Alnylam, Regeneron hit go on phase 2 trial of genetic NASH therapy after generating signs of efficacy

Alnylam and Regeneron have hit the gas on their RNAi nonalcoholic steatohepatitis (NASH) program, outlining plans to kick off a phase 2 clinical trial of the drug candidate after generating early evidence of efficacy.  

The candidate, ALN-HSD, is built on Regeneron’s linking of a loss-of-function variant in HSD17B13 to a reduced risk of chronic liver disease and progression from steatosis to steatohepatitis. Equipped with the insight, Alnylam deployed its technologies to develop a subcutaneously administered RNAi therapeutic with the potential to unlock the potentially large, but to date hard to crack, market for NASH therapies. 

Alnylam began testing how the candidate performs in healthy participants and, later, in NASH patients in 2020. The data have now matured to the point that the partners have the evidence to greenlight further development.

Across 20 subjects in the first two dose cohorts of NASH patients, the collaborators saw “robust” target knockdown, offering encouragement that the molecule works as expected, as well as liver enzymes and biopsy-derived nonalcoholic fatty liver disease activity scores that were lower over six months than in the four-participant control arm. The study wasn’t powered for statistical significance on the endpoints.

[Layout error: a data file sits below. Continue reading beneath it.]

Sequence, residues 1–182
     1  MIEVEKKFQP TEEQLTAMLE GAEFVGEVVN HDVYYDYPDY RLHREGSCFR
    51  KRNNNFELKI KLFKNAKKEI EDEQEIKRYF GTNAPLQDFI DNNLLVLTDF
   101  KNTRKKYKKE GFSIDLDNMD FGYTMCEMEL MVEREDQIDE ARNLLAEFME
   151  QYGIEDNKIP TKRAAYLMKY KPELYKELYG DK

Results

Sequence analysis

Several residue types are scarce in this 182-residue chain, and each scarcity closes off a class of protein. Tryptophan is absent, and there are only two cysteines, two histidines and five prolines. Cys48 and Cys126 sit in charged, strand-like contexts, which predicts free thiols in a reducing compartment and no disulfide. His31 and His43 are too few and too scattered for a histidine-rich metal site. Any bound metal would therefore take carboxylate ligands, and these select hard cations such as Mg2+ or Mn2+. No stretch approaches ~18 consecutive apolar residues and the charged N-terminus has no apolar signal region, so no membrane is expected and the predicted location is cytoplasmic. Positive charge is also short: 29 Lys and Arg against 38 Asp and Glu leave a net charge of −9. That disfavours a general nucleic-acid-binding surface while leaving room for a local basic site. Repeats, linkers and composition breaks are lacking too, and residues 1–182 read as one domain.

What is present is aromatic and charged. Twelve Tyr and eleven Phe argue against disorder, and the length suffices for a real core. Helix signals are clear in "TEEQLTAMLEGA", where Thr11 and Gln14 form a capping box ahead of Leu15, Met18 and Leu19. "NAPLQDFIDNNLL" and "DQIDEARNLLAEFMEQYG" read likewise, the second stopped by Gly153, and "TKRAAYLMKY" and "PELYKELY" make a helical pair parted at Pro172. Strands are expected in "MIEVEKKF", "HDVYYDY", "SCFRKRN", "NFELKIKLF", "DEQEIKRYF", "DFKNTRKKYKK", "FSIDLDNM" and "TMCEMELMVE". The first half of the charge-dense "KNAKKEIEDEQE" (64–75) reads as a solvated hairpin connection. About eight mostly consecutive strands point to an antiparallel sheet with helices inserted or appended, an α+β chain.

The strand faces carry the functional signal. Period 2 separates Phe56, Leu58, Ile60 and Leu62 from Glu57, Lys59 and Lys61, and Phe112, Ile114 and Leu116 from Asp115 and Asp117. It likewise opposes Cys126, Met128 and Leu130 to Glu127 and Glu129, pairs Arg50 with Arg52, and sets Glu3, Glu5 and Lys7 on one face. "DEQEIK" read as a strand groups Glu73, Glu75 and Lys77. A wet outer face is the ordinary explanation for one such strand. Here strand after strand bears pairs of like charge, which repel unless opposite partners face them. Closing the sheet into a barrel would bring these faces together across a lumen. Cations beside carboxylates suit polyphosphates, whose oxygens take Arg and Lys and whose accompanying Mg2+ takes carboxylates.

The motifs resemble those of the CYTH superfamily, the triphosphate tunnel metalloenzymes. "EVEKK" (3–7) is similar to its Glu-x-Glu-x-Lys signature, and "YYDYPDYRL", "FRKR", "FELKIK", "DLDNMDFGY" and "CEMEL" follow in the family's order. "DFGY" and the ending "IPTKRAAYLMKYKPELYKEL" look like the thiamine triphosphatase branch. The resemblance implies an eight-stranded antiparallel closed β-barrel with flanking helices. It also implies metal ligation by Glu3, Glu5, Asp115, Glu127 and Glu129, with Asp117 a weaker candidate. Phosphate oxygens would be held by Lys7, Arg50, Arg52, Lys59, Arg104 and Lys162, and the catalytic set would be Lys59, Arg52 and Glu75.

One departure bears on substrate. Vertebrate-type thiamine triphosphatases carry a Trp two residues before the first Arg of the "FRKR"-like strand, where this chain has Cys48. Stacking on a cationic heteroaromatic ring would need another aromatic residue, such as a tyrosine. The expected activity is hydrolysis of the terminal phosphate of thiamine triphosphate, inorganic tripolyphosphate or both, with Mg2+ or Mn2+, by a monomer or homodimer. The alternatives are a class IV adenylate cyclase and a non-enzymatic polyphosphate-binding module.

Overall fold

While the public will have to wait until an upcoming medical meeting to get a look at the data, Alnylam and Regeneron have seen enough to start preparing to move into phase 2. A trial is scheduled to start toward the end of the year. 

Regeneron registered a master protocol for a phase 2 study on last month. The trial features two studies, both of which will test two doses and use change in continuous quantitative liver fibrosis at Week 52 as their primary endpoint. lists the estimated enrollment at 300 subjects. 

Work on ALN-HSD is advancing alongside other NASH programs covered by the Alnylam-Regeneron deal. PNPLA3- and CIDEB-targeting therapeutics are moving toward first-in-human studies, giving the pair a portfolio of potential treatments for the liver disease.